n. The process of setting up a portion of a corporation as a separate business and selling some of its shares in an initial public offering. (Also: the business so formed.)

Example Citation:
"In a pure spinoff, a parent company distributes 100 percent of its ownership interest in a subsidiary company to its existing shareholders in the form of a dividend.

In a partial spinoff, or carve-out, the parent company sells less than 20 percent of its ownership interest in the subsidiary company to the public."
—Andrew Leckey, "Spinoffs May Be Undervalued Opportunities," Chicago Tribune, March 13, 1999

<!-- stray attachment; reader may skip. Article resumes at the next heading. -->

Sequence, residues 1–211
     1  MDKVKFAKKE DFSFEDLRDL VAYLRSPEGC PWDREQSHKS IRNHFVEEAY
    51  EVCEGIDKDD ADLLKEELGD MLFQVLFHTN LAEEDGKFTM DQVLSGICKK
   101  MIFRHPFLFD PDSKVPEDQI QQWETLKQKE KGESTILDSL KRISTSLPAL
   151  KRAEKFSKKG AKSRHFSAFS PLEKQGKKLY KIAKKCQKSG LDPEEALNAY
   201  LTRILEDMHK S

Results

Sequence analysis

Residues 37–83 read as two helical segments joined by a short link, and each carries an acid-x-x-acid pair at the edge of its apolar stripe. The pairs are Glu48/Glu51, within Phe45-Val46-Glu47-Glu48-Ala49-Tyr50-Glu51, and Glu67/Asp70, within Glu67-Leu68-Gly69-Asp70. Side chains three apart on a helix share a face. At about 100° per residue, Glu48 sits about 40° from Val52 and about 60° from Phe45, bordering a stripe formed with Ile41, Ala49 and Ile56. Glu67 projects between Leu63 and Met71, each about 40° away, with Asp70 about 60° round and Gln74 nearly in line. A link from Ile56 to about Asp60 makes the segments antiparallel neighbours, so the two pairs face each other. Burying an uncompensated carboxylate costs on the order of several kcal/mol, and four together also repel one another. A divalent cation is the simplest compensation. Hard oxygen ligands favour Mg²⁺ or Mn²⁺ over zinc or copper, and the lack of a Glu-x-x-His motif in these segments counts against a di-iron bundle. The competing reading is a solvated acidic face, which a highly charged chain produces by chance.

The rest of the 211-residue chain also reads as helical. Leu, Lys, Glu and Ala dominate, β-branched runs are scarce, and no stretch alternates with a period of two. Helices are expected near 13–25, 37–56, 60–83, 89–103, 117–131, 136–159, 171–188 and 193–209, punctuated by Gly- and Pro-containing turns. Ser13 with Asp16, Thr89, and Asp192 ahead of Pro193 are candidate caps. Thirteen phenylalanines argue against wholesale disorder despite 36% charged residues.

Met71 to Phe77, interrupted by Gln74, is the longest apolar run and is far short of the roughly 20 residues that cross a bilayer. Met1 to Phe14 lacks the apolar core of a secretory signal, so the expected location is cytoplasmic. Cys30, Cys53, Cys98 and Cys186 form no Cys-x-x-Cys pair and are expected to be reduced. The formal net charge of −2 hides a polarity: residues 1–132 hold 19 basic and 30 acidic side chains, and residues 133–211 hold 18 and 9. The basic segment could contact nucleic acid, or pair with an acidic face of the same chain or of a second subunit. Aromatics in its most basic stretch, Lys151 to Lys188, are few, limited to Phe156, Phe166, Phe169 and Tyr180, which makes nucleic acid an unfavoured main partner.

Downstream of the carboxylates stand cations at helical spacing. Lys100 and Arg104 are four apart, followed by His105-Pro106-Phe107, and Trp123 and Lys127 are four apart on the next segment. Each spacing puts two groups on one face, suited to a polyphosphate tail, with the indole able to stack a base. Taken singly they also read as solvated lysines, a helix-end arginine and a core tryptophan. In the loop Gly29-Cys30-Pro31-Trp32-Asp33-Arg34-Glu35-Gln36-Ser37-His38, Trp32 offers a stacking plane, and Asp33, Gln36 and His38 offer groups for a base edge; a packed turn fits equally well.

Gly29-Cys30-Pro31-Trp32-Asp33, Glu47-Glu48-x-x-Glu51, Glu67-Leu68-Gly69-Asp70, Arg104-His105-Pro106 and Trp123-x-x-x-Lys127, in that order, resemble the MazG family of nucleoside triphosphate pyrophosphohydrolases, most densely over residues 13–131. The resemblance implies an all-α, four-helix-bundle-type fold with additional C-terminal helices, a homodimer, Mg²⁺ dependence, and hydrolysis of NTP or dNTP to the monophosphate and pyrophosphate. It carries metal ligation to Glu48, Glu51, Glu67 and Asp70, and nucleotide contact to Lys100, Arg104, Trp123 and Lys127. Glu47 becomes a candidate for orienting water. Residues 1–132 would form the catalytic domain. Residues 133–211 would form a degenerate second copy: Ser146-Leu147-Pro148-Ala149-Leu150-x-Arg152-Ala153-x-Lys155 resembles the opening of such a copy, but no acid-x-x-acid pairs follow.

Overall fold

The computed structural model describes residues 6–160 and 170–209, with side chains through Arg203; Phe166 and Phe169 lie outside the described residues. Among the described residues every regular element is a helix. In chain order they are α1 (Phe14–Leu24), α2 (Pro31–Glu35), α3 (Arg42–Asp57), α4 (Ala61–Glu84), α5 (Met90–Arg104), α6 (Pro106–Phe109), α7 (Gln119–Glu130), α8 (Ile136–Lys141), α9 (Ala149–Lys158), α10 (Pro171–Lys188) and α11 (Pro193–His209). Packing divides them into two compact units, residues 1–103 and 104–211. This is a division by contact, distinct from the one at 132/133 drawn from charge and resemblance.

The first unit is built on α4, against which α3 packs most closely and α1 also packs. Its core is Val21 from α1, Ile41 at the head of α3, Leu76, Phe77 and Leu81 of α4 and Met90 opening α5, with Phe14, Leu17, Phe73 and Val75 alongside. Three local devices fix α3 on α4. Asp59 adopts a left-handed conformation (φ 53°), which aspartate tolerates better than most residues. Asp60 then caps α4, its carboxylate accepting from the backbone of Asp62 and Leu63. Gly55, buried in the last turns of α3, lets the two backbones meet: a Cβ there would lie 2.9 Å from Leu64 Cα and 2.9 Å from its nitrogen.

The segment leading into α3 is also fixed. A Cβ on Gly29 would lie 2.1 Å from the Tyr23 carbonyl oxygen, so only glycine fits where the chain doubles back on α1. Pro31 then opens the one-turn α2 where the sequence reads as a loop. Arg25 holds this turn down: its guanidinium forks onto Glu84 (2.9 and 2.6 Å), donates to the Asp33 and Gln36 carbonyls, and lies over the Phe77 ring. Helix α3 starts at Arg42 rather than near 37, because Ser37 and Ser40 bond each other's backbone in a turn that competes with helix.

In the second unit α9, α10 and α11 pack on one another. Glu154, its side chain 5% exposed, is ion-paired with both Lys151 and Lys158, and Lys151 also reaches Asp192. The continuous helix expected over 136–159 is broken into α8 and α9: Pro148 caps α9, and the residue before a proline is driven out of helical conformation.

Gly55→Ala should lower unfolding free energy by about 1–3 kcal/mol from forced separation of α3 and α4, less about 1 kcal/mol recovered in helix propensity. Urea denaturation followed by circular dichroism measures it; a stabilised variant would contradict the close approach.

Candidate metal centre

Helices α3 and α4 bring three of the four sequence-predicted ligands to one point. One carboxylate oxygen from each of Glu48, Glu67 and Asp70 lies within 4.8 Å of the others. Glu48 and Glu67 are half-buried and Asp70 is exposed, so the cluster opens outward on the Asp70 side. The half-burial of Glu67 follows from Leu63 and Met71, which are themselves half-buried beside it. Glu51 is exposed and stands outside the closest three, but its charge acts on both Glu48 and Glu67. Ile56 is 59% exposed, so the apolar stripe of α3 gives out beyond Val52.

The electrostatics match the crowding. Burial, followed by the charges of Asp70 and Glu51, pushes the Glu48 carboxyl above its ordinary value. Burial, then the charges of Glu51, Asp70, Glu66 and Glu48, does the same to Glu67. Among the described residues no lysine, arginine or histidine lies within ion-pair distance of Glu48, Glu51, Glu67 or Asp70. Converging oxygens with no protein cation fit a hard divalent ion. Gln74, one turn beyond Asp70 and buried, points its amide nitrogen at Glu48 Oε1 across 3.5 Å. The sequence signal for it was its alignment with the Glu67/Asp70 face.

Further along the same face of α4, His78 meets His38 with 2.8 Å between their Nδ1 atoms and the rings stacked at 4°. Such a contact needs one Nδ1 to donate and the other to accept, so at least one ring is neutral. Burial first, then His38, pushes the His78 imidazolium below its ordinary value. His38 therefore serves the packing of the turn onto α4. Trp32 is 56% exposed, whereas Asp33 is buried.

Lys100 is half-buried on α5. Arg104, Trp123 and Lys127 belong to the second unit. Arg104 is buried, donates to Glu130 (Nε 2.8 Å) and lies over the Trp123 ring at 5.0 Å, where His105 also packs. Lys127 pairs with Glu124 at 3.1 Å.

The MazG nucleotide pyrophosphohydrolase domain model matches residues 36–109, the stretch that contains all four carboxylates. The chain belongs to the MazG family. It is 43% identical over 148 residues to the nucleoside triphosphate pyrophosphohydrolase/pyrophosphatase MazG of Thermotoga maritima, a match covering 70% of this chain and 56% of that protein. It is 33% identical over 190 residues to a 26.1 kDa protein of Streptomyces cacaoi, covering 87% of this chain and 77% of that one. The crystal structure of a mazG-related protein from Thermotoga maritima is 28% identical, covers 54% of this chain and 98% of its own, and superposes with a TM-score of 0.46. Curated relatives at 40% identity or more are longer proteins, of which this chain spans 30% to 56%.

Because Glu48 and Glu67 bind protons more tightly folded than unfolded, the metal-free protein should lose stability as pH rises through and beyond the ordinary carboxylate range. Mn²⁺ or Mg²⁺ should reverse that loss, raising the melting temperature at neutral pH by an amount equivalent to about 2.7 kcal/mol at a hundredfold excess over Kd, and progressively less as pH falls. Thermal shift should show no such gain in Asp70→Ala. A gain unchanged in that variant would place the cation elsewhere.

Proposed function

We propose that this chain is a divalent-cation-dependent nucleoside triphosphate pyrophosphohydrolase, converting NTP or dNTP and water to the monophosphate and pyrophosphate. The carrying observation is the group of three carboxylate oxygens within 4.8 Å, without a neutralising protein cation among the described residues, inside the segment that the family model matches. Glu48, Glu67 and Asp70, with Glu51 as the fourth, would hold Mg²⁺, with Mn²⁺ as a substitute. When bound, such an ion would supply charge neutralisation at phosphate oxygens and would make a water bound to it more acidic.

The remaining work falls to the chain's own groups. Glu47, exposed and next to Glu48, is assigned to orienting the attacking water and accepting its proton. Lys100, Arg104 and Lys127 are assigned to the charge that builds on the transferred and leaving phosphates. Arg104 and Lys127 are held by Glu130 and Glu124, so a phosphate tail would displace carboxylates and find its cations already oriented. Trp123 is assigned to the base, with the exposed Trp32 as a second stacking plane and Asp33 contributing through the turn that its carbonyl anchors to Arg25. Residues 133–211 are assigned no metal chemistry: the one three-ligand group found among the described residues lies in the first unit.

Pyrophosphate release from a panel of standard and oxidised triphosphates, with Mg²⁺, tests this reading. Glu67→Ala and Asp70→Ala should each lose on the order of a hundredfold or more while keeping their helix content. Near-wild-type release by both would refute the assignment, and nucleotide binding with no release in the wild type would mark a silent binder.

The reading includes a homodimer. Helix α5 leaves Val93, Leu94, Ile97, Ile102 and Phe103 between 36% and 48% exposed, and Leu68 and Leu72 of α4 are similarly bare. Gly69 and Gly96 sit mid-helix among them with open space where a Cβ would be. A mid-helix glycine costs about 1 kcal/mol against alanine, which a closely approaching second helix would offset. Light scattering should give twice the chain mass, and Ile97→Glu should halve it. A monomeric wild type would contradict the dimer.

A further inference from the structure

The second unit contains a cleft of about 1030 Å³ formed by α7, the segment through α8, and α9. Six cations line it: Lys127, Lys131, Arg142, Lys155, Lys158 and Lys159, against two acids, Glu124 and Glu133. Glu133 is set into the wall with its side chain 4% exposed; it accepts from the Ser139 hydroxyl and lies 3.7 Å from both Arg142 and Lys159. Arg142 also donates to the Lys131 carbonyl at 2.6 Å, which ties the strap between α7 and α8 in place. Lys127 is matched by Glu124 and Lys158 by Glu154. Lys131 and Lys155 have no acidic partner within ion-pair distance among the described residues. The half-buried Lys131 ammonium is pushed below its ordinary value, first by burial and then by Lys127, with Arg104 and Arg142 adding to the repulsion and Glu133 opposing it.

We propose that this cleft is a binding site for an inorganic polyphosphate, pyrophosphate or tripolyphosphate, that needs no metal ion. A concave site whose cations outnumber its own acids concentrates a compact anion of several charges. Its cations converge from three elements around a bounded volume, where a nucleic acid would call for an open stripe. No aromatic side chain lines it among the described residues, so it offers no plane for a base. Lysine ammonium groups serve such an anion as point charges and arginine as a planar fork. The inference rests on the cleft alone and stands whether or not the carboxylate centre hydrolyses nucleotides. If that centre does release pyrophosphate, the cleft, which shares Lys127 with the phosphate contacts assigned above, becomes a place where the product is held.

"Carve-out" is also a term used in the U.S. health insurance industry. It refers to a service (such as mental health or vision care) that has been removed from an employer's health benefits plan and then contracted out to a separate health care provider that specializes in that service:

"Managed care also spawned a special mini-sector of companies devoted solely to mental health and substance abuse treatment. The leader of these behavioral 'carve-out companies' is based in Atlanta: Magellan Health Services."
—Andy Miller, "Managed care and mental health," The Atlanta Journal and Constitution, August 30, 1998